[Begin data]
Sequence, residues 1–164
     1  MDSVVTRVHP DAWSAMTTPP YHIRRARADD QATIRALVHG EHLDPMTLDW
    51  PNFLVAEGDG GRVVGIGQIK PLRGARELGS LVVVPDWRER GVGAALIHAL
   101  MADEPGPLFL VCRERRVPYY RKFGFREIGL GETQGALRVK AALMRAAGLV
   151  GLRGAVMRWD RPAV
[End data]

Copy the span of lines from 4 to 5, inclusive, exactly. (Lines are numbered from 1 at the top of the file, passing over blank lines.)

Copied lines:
   101  MADEPGPLFL VCRERRVPYY RKFGFREIGL GETQGALRVK AALMRAAGLV
   151  GLRGAVMRWD RPAV